An oft heard phrase, some cynics go as far as to call the title of this piece, which is also a famous quote, corny, utopian or unrealistic. Yet the individual who said it would be defined by the antithesis of the spirit behind those words. As it stands, Mahatma Ghandi is remembered as the father of a nation, much like the way that we refer to our founding fathers: Thomas Jefferson, Benajmin Franklin and James Madison to name a few.
Gandhi is certainly one of those historic figures of the past that a great many people have at least heard of. Especially concerning his bravery and courage to stand up to an empire, beginning just with himself. His choices and principles inspired a people to rise up against authority. Few have truly come to understand how, and maybe even more importantly, why he choose to do what he did.
Mahatma Gandhi is, for the most part, unanimously regarded as the leader and motivational spearhead of the Indian Independence Movement that overthrew the British empire. Almost exclusively using his rights of civil disobedience, always grounded in non violence, he managed to topple one of the largest and most sophisticated military conquerors in history.
Born on October 2, 1869, to a prominent father in the local empirical government, and to a mother whom was the fourth wife of the former. At the age of 14, as was customary, he wed by an arranged marriage, and by 15 had his first child that died soon after birth.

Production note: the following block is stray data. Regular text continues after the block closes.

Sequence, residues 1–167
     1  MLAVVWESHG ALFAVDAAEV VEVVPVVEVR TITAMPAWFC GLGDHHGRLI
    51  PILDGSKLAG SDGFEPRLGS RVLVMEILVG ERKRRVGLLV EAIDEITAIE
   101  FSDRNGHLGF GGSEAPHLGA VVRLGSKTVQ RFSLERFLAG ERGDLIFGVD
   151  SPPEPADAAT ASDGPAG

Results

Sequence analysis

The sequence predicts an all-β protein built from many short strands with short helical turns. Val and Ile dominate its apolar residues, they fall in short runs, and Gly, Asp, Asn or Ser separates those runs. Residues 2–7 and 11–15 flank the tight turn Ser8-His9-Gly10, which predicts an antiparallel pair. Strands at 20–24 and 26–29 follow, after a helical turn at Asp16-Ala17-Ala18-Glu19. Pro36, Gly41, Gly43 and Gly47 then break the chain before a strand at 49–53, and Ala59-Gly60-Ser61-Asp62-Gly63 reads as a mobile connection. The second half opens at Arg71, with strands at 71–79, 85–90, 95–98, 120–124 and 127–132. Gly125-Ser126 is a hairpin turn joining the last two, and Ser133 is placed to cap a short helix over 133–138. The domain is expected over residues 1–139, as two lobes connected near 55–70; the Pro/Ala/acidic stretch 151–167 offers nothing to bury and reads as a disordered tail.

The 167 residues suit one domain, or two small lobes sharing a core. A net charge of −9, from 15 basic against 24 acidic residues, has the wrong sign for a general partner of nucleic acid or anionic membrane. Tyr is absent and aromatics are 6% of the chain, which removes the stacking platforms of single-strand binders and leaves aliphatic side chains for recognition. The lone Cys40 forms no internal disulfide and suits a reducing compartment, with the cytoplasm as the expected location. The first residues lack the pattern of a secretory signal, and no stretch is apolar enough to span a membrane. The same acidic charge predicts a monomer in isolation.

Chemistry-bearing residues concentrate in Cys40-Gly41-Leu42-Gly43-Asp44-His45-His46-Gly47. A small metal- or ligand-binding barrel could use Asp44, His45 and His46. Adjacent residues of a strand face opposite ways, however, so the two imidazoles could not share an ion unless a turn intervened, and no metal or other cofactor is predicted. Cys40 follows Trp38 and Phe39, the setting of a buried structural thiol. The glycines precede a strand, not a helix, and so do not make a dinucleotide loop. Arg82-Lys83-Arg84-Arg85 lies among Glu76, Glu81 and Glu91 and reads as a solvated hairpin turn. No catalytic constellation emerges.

In his early adulthood he moved to South Africa for a job prospect. What he experienced, through the Apartheid segregation system, profoundly affected him. Soon he began learning civil disobedience tactics, and became a social activist. In 1915 he returned to India, equipped with the knowledge and skills he would employ and later became revered for.
It was not long before Gandhi became deeply involved with the independence movement. Through his steadfast persistence in following the Sacred Male and Sacred Female behaviors, he became the figurehead and emotional leader of the campaign.
The Salt March is one of his hall mark actions, when he lead a walk through rural India, encouraging civil disobedience and non-compliance to the British Empire imposed salt tax. Though he was arrested many times during the action, it is considered a pivotal point in his rise to prominence amongst the Indian people.
Babo as the Indian people affectionately call him, achieved one of his major goals on August 15, 1947. That is to say, on this day, India became independent from the ruling British empire.
On January 30, 1948, Mahatma Gandhi was assassinated.
His legacy of forgiveness, non-violence in the face of overwhelming odds and his persistence have left a deep impression of the conscience of the world. We end this piece as we started. The brevity and truth behind his words cannot be improved upon.
“An eye for an eye leaves the whole world blind.”
– Mahatma Ghandi